Casting an unconvincing Nicole Kidman as Grace Kelly, this stodgy soufflé of a biopic portrays a crisis in the Hollywood actress’s supposedly fairytale marriage to Prince Rainier of Monaco, but director Olivier Dahan’s attempts to concoct a drama out of her struggle to adapt to her new role prove almost laughably inept.
It’s 1962 and Grace wants to accept the lead in Alfred Hitchcock’s new movie, Marnie, but France is threatening to annex its tiny neighbour. Can she abandon the principality in its hour of need?
Dahan (maker of the far better Edith Piaf biopic, La Vie en rose) tries to whip up some Hitchcockian suspense out of her dilemma, even throwing in some rear-projection artifice in a bid to recall the hand of the Master, but with almost uniformly hammy performances from the cast – which includes Tim Roth as Rainier, Paz Vega as Maria Callas and Robert Lindsay as Aristotle Onassis – the outcome is limp and unconvincing. Besides, it’s hard to work up much enthusiasm for Grace’s quest when her goal, basically, is to preserve Monaco’s status as a haven for the tax-dodging rich.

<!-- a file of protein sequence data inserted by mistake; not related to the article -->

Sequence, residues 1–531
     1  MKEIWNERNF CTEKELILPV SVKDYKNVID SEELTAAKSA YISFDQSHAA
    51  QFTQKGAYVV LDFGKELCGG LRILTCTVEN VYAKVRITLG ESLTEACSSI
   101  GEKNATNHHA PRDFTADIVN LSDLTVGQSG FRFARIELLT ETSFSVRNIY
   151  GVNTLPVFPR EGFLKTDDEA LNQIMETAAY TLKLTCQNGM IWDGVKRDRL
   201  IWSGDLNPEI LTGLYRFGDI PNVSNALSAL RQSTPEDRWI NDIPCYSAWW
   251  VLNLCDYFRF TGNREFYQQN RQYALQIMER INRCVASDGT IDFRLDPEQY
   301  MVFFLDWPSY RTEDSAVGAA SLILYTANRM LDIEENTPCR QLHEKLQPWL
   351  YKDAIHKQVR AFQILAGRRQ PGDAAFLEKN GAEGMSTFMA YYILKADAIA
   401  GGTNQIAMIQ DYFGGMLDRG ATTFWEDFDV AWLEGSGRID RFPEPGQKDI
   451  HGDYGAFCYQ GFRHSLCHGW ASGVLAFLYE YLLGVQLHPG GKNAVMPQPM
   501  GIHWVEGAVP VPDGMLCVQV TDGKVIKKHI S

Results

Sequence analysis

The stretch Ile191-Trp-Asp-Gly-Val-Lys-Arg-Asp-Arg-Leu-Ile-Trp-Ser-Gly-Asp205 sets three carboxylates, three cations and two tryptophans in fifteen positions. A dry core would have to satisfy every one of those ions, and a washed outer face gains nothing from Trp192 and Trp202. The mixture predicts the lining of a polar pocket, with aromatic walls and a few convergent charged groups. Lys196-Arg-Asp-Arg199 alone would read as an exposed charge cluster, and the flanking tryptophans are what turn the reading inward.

Certificate PG. Runtime 103 mins. Director Olivier Dahan.
Released on Blu-ray, DVD & Digital Download by Warner Brothers Home Video on Monday 13th October.
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